Descending the cement staircase, I push open the heavy metal door. The voices echo throughout the large auditorium that also serve as the school's gymnasium and cafeteria. Rectangular tables are pushed together as a sea of bodies fill the space. Eagerly, I begin searching for a familiar face.
Waving his arm high, I spy my father. Dressed in his khaki pants and polo, he leisurely sips a mug of coffee. Holding the red ticket in his hand, I rush over.
Having survived another hour of catechism class, this breakfast is most appreciated. Once a month, the reward for my Catholic duty, breakfast in the basement of our church's school.
Tossing the yellow folder onto the table, I throw pleasantries at the adults at the table.
Our church is small, and many of the families have been parishioners for decades. Those faces are so familiar, as I grew up amongst them. The kisses I offer on cheeks has been dolled out many times before, and serves as another obstacle to procuring my brunch.
Returning to the doorway, I hand my red ticket to the matronly ladies working the door. Nodding, they permit me to walk past, and find my place in the line.
Within minutes, I am at the metal food stand. The blue plastic tray in hand, I grab the utensils from their plastic containers. Fork, spoon, and knife placed on the tray as I grab a few extra napkins. I spy my great Uncle Mickey behind the glass divide. Seeing me, he offers me a smile and asks if I want some extra pancakes.
Declining, instead I ask for a glass of milk. Taking the plastic cup, he fills it three quarters of the way. I could choose one of the small plastic glasses of orange juice or tomato, but milk works best for this feast.
Handing the plate to the next man in the line, I move down a bit. Wearing his white hat, I ask for more of the potatoes. His home fries are legendary, and I never can seem to have enough on my plate. Placing the metal spoon into the container, he dollops a heavy heaping onto my plate.
My own smile widens as I decide in that moment my mom and sis will be jealous and no, they can't have that extra bite.
It is only a few years later I will meet his granddaughter in homeroom during our freshmen year of high school, and become her best friend. We are given his recipe, but never successfully can recreate those potatoes. On this day, the man in the white hat is simply the potato guy.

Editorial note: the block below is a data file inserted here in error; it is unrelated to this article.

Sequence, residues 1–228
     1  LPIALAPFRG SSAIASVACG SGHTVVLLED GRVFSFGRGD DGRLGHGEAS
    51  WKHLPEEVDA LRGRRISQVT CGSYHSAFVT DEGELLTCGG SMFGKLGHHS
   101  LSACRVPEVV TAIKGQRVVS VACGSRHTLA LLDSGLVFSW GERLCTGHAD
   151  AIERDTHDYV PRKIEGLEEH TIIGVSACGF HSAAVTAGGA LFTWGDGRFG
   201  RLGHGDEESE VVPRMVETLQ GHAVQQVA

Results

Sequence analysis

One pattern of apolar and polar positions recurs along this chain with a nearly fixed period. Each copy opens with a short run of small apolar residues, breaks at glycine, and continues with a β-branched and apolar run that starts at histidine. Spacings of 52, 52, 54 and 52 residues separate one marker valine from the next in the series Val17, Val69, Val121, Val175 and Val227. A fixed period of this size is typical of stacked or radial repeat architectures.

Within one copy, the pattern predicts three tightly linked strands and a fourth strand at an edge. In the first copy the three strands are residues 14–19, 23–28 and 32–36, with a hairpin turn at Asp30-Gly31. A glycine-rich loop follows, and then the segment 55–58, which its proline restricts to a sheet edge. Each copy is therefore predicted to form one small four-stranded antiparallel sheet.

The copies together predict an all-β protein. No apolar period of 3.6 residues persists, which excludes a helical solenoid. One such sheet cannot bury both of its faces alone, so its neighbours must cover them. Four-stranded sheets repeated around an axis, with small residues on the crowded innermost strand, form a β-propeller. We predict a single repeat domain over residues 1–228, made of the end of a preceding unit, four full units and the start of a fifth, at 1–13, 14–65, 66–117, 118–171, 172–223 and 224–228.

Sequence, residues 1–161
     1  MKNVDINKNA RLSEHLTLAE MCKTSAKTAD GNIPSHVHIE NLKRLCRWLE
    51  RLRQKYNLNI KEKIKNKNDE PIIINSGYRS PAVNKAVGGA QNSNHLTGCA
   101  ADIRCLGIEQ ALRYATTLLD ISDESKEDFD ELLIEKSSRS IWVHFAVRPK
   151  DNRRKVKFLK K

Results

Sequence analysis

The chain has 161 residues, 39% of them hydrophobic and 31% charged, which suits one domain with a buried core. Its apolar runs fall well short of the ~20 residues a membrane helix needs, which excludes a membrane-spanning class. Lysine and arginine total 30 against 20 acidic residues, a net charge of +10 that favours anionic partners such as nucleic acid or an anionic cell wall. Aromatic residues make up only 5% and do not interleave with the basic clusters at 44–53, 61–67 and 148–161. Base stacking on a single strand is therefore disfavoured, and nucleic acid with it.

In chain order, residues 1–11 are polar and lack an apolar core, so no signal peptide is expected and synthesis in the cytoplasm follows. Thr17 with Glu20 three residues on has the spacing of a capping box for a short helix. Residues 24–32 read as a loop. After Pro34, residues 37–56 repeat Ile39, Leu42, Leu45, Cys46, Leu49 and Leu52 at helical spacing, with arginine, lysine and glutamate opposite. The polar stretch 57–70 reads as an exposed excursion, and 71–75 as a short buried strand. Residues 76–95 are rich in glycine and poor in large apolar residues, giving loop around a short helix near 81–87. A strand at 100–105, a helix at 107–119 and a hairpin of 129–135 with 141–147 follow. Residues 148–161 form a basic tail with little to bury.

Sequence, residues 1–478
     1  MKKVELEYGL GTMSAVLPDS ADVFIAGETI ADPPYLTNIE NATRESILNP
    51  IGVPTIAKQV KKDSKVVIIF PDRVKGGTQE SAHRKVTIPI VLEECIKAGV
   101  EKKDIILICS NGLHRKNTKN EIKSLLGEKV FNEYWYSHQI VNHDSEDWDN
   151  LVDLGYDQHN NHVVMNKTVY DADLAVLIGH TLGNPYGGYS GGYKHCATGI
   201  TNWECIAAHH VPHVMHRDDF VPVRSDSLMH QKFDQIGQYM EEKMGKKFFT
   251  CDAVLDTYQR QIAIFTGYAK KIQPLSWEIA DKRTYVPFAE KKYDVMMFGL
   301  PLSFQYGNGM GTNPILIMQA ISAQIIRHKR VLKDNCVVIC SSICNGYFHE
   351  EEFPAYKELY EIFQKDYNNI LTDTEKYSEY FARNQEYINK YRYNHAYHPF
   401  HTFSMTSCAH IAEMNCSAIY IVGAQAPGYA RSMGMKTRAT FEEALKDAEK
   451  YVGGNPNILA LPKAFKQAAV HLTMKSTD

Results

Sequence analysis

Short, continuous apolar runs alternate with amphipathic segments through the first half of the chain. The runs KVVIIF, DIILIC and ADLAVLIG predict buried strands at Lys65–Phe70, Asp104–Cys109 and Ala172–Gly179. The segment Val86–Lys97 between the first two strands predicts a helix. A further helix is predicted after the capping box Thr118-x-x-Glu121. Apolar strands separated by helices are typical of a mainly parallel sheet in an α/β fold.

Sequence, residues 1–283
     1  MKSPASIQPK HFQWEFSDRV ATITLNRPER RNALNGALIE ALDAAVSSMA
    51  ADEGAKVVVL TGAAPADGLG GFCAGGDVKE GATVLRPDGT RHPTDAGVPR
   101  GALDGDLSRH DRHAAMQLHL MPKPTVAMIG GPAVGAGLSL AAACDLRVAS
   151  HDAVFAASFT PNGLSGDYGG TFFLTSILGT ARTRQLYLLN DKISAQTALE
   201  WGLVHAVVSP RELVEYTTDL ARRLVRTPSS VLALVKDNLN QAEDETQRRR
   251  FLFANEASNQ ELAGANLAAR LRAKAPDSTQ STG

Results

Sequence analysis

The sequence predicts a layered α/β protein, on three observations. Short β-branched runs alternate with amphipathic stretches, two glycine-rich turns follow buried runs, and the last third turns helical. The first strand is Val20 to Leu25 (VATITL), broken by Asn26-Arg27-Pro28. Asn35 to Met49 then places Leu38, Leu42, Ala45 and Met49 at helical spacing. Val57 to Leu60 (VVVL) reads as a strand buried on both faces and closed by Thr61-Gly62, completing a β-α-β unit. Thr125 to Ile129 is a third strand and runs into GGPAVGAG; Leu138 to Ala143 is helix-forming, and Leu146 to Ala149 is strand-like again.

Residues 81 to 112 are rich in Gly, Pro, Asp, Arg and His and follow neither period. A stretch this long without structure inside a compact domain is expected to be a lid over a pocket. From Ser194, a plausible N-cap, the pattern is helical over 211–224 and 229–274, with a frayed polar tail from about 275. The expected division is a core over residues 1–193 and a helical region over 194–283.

My plate is handed off to the next elderly gentlemen. Another great uncle, I suppose, as I simply categorize them all as relatives.The men, the older members of our church, have this system mastered. Scrambled eggs and pieces of bacon find their way onto the plate, and then a piece of ham steak and one plump sausage.
Carefully he extends the overfilled plate to me across the counter. I grab a dinner roll and pat of butter. Placing it all on my tray, I am ready.
The trek to the table is harrowing, as I navigate amongst the crowd of those in their Sunday bests while balancing a plate of food, utensils and a glass of milk. Dodging winter coats and cups of coffee, I find my family.
Placing the plate before me, I settle into the metal chair. I place the sausage on my father's plate, as he adds ketchup and offers me thanks.
I take my fork and begin.
My most favorite place to eat as a child: Sunday brunch in our Church's basement.
This post comes at a difficult point in my life, as only this week we have discovered the Archdiocese is closing our Church. My memories of our small, neighborhood Church fill my childhood, as both sides of my family were members. Initially a parish for those of Slovak decent, the parish was like family, filled with piergoies, haluski, & stuffed cabbages. While I no longer live in the area, I still considered it "My Church"
This post was inspired by Mama Kat's Pretty Much World Famous Writer's Workshop
3.) Write about your favorite place to eat when you were a child.